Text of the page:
Home AdExchanger Talks Speaking Truth To Power, With The Markup’s CEO Nabiha Syed

Speaking Truth To Power, With The Markup’s CEO Nabiha Syed

Nabiha Syed, CEO, The Markup

“Big Tech Is Watching You. We’re Watching Big Tech.”

That’s The Markup’s slogan. The Markup is a nonprofit news organization founded in 2018 and launched in early 2020, just a couple of weeks before the pandemic began.

It runs in-depth, data-driven investigations that reveal the various ways in which technology is reshaping society, with a focus on Big Tech companies – Google, Meta, Amazon and their ilk – but “also the tech you’ve never heard of,” says Nabiha Syed, The Markup’s CEO, on this week’s episode of AdExchanger Talks.

“This is the tech that decides whether or not you get to rent an apartment or whether you can apply for a school and how your application is regarded – or where your health data in your little fitness tracker goes and what that might mean down the line,” says Syed, who spent more than four years as VP and associate general counsel at BuzzFeed before joining The Markup in 2019.

Aiming for action

But it’s not just The Markup’s mission to shine a light. The hope is that its research “lands in the hands of people who can do something about it,” Syed says, whether that’s a policymaker, a regulator or an everyday citizen.

In June, The Markup published the fruits of an investigation revealing that 33 of the top 100 hospitals in the US were sharing sensitive patient data with Facebook to target ads through the use of Meta’s site pixel.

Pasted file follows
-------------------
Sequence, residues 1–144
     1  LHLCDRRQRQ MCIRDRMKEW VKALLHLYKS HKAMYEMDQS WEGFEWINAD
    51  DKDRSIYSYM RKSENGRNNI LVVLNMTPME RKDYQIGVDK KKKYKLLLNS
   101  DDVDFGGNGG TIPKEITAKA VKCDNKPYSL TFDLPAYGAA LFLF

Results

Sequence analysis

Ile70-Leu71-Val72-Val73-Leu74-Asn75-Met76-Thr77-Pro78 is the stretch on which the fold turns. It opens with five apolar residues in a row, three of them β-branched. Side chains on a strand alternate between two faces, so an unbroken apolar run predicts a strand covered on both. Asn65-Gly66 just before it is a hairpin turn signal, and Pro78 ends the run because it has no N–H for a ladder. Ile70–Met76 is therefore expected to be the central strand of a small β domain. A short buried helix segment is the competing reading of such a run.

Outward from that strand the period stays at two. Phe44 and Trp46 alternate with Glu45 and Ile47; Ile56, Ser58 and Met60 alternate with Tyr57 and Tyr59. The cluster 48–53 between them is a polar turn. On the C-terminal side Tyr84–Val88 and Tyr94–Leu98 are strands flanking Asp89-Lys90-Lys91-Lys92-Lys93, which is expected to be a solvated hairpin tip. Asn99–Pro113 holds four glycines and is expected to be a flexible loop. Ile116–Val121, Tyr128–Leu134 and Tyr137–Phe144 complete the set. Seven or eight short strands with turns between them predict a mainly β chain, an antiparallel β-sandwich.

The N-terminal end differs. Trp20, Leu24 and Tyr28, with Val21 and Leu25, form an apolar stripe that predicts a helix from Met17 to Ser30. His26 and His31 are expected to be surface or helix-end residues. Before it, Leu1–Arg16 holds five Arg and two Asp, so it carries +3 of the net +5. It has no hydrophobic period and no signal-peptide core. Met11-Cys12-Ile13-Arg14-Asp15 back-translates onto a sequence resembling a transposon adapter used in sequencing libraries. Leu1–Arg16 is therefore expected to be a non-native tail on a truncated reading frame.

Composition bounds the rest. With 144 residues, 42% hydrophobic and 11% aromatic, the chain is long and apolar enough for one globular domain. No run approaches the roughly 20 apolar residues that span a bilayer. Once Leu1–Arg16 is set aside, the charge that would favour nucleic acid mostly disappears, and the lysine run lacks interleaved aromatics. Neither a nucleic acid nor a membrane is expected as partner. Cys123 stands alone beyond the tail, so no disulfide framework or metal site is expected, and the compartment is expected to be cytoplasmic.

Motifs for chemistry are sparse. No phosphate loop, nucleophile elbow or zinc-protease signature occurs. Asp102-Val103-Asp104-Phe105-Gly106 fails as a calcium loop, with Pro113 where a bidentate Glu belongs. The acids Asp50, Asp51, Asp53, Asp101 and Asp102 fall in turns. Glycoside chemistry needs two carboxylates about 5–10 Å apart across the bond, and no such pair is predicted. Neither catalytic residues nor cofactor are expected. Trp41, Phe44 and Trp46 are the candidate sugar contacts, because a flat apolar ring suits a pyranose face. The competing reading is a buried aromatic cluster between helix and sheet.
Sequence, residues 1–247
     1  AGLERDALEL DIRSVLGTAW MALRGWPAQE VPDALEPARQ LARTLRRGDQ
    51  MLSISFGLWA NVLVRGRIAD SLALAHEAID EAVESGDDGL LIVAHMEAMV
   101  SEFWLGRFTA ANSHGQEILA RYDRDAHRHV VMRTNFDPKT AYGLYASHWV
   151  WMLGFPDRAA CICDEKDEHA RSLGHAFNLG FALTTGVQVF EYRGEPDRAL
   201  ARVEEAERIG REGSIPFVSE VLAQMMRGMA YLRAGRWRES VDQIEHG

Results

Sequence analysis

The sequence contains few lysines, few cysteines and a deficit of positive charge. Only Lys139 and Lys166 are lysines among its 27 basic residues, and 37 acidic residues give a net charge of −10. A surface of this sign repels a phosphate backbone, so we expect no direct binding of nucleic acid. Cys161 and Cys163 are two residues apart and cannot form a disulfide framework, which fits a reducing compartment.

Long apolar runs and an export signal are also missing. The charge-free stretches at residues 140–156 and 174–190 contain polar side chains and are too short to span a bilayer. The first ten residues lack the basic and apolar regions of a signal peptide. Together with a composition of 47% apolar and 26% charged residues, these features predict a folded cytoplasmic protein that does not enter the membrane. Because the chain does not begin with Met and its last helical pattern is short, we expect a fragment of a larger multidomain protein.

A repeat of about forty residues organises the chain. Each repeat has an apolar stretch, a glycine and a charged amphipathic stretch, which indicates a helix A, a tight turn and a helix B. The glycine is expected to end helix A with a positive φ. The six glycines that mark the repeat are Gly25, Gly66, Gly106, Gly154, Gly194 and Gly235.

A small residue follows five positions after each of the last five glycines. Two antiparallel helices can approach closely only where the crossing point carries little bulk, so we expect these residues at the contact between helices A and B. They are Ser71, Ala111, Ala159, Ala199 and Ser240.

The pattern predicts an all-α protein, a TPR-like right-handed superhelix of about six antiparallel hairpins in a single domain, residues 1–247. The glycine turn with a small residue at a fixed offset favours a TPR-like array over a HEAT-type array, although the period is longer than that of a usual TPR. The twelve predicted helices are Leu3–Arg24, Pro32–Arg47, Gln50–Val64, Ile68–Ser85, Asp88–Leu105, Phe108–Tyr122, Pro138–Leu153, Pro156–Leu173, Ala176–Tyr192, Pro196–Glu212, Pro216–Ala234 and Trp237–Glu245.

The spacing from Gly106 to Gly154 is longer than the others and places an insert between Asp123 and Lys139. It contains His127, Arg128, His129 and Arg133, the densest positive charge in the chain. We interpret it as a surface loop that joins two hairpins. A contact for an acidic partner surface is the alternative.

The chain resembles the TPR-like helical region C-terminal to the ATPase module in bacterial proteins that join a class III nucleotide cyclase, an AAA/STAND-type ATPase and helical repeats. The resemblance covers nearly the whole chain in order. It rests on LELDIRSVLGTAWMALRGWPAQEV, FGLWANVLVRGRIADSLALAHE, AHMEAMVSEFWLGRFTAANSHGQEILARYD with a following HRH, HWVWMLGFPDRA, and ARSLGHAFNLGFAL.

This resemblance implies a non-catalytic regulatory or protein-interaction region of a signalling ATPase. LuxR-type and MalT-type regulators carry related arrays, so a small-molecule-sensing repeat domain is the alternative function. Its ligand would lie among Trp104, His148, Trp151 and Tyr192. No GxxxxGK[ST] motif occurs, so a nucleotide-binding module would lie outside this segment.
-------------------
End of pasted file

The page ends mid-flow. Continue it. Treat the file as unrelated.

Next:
As a result, in early August, Meta and several of the hospitals were hit with a lawsuit in the Northern District of California for allegedly violating the Health Insurance Portability and Accountability Act.

But The Markup’s hospital investigation “hits on something [else] important,” Syed says, “which is this element of surprise and intrusion.”

The average person wouldn’t assume that Facebook is being notified when they book an appointment with their doctor on, say the Cleveland Medical Center’s website.


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“That kind of surprise and shock is what leads to lawsuits and other regulatory intervention because it’s beyond the realm of average expectation,” Syed says.

And the same could be said for the ad tech industry writ large.

“My feeling about the industry, like with many industries, is: good intentions, clear business need and a lot of unintended bad consequences,” Syed says. “I come from the news business [and] I understand the value of making news or content creation or creative work sustainable. But I think those incentives unchecked and, frankly, the unintended consequences of those incentives mean that we have strange outcomes – like the ability to combine someone’s location information from their car and their period-tracking app.”

Also in this episode: Why Syed believes “surveillance advertising” is a fair characterization of the online ad industry, why monetization and privacy protection aren’t mutually exclusive, why social media will remain broken so long as Big Tech platforms are incentivized to “prey on attention” and a method for making Thin Mints even more delicious (as if such a thing is possible).

For more articles featuring Nabiha Syed, click here.

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